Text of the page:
Basic examples of Tasks/Channels? (or more verbose documentation?)


#1

Hi,

I’m going through the section in the manual about Tasks, but I find that it is not very thorough so I’m not getting the full picture of how they work (at least for the moment).

The first paragraphs about using a Channel is OK, but then the documentation talks about binding multiple channels to a task or vice-versa, about more advanced work distribution patterns, and other low-level functions, like: yieldto(), current_task(), istaskdone(), etc.

But no examples or further references are given, so I’m a bit at a loss. Any suggestion on how to deepen my understanding of Tasks with Julia?

Thanks,
Ángel de Vicente


#2

Are you familiar with the concept of coroutines at the first place?


#3

yes, the concept of coroutines is not a problem. I was just hoping to get more details/examples about the actual usage in Julia.


#4

It’s more or less the same as in other languages. One of the simplest examples is using @sync/@async for non-blocking IO. Let’s say, you want to download 10 web pages. If you do it in a simple blocking loop:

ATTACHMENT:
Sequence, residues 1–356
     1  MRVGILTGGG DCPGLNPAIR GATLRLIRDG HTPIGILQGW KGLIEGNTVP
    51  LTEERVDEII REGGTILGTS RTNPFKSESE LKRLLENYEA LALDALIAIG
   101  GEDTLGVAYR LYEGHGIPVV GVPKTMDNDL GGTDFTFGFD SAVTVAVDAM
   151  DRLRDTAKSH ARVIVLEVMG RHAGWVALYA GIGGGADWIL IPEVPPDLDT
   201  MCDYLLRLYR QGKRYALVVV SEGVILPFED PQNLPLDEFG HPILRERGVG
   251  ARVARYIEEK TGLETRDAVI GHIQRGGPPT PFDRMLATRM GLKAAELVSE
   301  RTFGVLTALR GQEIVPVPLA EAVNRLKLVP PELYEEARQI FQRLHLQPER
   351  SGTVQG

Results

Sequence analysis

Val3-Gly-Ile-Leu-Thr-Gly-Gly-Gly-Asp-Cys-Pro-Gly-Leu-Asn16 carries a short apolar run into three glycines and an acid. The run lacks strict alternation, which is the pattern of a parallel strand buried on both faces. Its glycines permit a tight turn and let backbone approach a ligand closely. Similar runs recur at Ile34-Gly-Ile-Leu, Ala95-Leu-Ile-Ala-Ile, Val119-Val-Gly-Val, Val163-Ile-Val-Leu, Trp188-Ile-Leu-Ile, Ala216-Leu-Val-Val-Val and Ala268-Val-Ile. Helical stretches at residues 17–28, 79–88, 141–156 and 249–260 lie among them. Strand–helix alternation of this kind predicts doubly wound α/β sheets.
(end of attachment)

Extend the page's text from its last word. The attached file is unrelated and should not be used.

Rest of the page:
urls = ["https://discourse.julialang.org/" for i=1:10]
results = Vector(10)
@time for (i, url) in enumerate(urls)
    results[i] = Requests.get(url)
end

it will take quite a lot of time (12 seconds for me). Most of the time Julia does nothing but waits for network. Fortunately, network IO in Julia is non-blocking, so you can use task machinery to speed things up:

@time @sync for (i, url) in enumerate(urls)
    @async results[i] = Requests.get(url)
end

which took only 2.5 seconds for me. In this example I run each request in a separate task using @async and then wait for the result of all of them using @sync. When one of these tasks encounters IO operation, it gives away control so that other tasks could use CPU. When IO operation is finished, the task is resumed.

TCPServer from Networking docs is another good example: even on a single CPU core you can have one task for accepting new connections and others for serving each individual connection.

But coroutines/tasks are not only about networking. A classic example which also uses channels is a producer-consumer pattern. Something like this

function producer()
    ch = Channel{Any}(1)
    @async begin
        for i=1:100 
            println("Generating a new item")     
            put!(ch, i)
        end
        close(ch)
    end
    return ch
end

ch = producer()
take!(ch)
take!(ch)
...

(if you want something more realistic than generating numbers from 1 to 100, take a look for example at load_stream from Spark.jl).